This is a guest post by Pablo Conca Bosch from Spain
I think his technique is quite interesting, you can use the vray light meter as a real hand-held incident lightmeter. I must admit, I tried it some time ago, but upon finding out it gives lux values instead of something more usable, I quickly gave up and went back to guessing/using my eyes to determine exposure. After this tutorial, however, I can see that it is not that difficult to interpret the results and I already have a couple of ideas how to use this for fine tuning scenes.
VRay Physical Camera Exposure (initial point to work) using VRay
Due to other reasons…. (money mainly, lol) I don´t have manual camera and how it´s normal I
never use manual cameras, but I try to learn in depth all the theories that I can about
photography, to understand better how to use the VRay Physical Cameras (and a manual when
somebody leave me one).
And for this at first (years ago) I adjusted the VRay Physical Camera settings (F‐number, Shutter
Speed and ISO) with empirical method, one probe…another probe… and like this to find the
correct adjust… Work!.
Then I studied the exposure theory and the behavior of the manual cameras on photography,
and what are the most common settings for photography in different scene situations, and this
gave me an idea that how i could begin to look for a correct exposure on different scene
In this tutorial we have assumed that you have clear the exposure theory, if isn’t in this way
you can consult this great tutorial from Austris:
But at the end I had no a correct number based on the intensity of the light sources on the
scene, units that could be real or unitless…The units used on your light sources no matter
because due to the first measurement we do in this technique you adapt your camera settings
to the light you have at the scene, but I normally use real values for my light sources.
And a Saturday I went to the bed thinking about exposure theory and other stuff about real
cameras and too my last freelance work on mind (as always I had not satisfied), and on Sunday
morning when I woke up I thought… yes! I could do this to try to adjust…
The idea is find an initial point of exposure to begin the work in the scene with your VRay
Physical Camera using a Helper included on VRay Renderer (Vray Light Meter) and transform
the data given by this helper (iluminance/luxes/lumen x square meter) to F‐number and
Shutter Speed values, using this formula to obtain an Exposure Value (Ev):
lux=(2^Ev) x 2.5 x100 /ISO
Ev= Log (Lux/2.5)/Log (2)
An this other formula to obtain the final values:
Where N is the F‐Number and t is Shutter Speed
but… i think is better use the web… you will see on the tutorial.
In this tutorial you could see two cases, but it will be useful to find this initial point to work in
all the situations you could be immerse.
Here is the tutorial video:
The links shown in the video are:
Circular ‘spiderweb’ around bright highlights in the reflections, caused by microscratches catching light at different angles. We see this effect quite often on real world surfaces that have been scuffed, scratched and worn out for a while.
Over the years, I’ve tried to achieve this effect in VRay for quite a few times… unsuccessfully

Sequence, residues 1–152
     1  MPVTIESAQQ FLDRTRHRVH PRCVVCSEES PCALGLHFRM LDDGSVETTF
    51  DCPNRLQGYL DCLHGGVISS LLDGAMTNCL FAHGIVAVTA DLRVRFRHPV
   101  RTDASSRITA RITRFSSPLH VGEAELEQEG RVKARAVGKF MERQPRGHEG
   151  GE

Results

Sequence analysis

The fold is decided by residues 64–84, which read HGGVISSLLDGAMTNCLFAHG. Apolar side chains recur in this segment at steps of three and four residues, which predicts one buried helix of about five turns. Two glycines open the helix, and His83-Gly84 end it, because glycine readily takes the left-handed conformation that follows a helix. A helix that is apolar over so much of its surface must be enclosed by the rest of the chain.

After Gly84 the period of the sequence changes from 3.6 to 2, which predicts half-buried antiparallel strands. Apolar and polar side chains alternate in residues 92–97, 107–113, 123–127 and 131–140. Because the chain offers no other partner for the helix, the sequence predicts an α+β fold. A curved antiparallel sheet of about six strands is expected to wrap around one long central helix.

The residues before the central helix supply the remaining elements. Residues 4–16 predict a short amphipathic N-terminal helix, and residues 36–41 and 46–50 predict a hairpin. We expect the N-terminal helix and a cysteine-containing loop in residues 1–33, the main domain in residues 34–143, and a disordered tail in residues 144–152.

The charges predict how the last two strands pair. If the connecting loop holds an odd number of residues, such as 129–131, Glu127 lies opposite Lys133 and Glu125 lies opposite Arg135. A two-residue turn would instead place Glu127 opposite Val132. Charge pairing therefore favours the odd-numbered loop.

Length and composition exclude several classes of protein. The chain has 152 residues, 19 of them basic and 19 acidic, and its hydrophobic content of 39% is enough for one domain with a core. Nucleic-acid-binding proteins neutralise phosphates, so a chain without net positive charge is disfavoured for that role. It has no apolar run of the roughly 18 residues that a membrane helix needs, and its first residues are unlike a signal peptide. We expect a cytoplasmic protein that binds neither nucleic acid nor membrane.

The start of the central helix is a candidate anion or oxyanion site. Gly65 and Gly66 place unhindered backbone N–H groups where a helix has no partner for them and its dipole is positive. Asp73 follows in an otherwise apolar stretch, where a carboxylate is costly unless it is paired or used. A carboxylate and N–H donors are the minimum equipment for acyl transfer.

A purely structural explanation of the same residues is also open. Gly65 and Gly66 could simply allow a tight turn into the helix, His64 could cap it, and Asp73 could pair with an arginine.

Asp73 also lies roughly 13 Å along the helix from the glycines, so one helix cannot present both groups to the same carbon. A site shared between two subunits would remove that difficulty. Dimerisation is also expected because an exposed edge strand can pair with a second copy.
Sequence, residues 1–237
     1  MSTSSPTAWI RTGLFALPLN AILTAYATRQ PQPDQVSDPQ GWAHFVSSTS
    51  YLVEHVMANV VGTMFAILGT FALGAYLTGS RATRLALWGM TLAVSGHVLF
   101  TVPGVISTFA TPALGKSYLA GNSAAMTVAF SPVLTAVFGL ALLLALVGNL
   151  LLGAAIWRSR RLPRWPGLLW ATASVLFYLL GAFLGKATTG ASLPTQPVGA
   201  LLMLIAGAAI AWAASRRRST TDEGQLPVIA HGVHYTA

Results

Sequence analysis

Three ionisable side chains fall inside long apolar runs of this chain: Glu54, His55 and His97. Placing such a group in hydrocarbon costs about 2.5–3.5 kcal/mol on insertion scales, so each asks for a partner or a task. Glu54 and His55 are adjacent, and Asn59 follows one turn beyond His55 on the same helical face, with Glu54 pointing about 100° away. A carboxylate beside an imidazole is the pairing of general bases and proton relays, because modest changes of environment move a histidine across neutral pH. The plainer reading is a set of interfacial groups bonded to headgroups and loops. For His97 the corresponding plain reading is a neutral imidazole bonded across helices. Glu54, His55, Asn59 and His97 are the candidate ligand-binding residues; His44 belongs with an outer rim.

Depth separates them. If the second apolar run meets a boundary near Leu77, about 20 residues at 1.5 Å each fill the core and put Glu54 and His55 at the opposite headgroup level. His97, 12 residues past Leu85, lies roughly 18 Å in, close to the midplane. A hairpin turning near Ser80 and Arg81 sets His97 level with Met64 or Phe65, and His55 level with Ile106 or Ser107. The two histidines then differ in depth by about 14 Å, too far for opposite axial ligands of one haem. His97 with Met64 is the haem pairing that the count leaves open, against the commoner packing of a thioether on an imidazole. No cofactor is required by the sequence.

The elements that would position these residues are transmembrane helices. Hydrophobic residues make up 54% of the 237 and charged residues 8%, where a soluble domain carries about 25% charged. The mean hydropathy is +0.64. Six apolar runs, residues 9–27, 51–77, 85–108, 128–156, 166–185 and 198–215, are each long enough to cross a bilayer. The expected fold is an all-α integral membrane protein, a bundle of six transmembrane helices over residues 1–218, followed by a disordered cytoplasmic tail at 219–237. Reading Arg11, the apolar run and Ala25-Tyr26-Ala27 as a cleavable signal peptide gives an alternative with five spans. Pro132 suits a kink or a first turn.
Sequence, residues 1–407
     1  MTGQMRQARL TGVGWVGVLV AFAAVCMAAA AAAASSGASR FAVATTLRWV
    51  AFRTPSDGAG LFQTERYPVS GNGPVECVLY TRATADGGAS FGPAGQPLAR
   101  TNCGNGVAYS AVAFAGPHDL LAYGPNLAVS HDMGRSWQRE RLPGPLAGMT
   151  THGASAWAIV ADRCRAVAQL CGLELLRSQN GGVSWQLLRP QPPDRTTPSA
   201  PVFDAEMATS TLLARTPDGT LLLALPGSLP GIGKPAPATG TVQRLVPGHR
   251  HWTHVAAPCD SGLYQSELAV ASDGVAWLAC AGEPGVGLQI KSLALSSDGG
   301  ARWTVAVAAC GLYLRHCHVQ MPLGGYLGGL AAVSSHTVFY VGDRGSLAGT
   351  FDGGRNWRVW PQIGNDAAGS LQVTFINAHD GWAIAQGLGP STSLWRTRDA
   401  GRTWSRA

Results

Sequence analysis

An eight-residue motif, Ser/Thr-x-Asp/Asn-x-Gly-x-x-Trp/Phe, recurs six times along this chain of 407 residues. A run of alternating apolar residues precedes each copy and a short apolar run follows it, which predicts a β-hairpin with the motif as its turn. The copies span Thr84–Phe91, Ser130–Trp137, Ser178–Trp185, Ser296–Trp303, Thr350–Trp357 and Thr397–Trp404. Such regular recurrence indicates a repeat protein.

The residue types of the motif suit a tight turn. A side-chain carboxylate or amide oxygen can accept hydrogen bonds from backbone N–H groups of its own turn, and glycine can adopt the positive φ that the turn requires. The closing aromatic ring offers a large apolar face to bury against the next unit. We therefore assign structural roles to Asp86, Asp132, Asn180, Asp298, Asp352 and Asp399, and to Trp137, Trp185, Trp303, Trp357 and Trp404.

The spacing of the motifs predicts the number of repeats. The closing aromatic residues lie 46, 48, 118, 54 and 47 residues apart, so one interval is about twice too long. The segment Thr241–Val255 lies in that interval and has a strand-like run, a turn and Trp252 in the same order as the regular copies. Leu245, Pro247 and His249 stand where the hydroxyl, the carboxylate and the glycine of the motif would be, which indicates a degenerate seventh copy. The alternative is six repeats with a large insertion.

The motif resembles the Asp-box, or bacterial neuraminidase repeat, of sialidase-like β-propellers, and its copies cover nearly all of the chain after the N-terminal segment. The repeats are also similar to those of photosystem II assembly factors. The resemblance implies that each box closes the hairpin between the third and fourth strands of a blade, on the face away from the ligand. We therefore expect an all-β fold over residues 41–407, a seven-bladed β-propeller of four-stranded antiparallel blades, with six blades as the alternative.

After finding some leads on how to approach this on VRay forums, finally I think I’ve got a method that gives good looking results, naturally I also made a tutorial :)
First of all, forget about using a regular Bump map, it simply doesn’t look right in my experience. You need to use a Normal map to simulate those extremely tiny scratches.
This sort of map is best hand drawn in Photoshop, since you can easily make it tileable. Draw a bunch of scratches in the center of the image, making sure none of them approach the borders. Then, use Offset filter and draw a few more in the white areas. Keep doing until everything is well covered up in scratches.
Here’s a quick video on how I do it and my resulting map.
Now using the NVidia Normal Map filter, generate a Normal map.
Ok, now that we got the map, we can create our shader.
The shader we are creating is going to be pure reflection. So start with a Vray mat with pure black Diffuse, pure White Reflection and no Fresnel.
Add Normal Bump to the Bump slot and load in the map. Make sure it’s Gamma is set to 1.0 and filtering is disabled. I’ll use the strength of the Normals at 1.5
Now convert the material to VrayBlend and duplicate this first layer a few times.
For each subsequent coat layer, lower the Normal strength a bit. This will create a more gradual falloff around the highlights.
So in my example I used 1.5 for the first layer, 1.0 for the second, 0.5 for the third, and finally 0 for the fourth. This last layer gives pure, smooth reflections, without the scratches. You can adjust the blend amount of the last layer to control the strength of the scratches. Just make the pure reflection stronger to make it less worn.
So far the result looks like this:
This is basically our completed Reflection coat.
If you want to add these scratches to a material like polished plastic – it’s easy.
Create a new material, set up your diffuse color/etc and use it as the base layer in a new VrayBlend.
Now add our scratched reflection shader to the Coat slot and use a Falloff map in the blend amount slot, set it to Fresnel (1.4~3)
Ta-da! Your plastic now has a scratched up clear coat.
Same technique can be used to add these scratches to any other material. Just look out for the ones that already have strong glossy reflections – it’s best to disable them altogether and just use the coat.
Obviously there are still some things to tweak, like adjusting the normal strength in different layers or increasing the number of layers and so on, but I think this is a pretty good starting point!
Perhaps you use a different method to achieve this result? If you do, please share in the comments!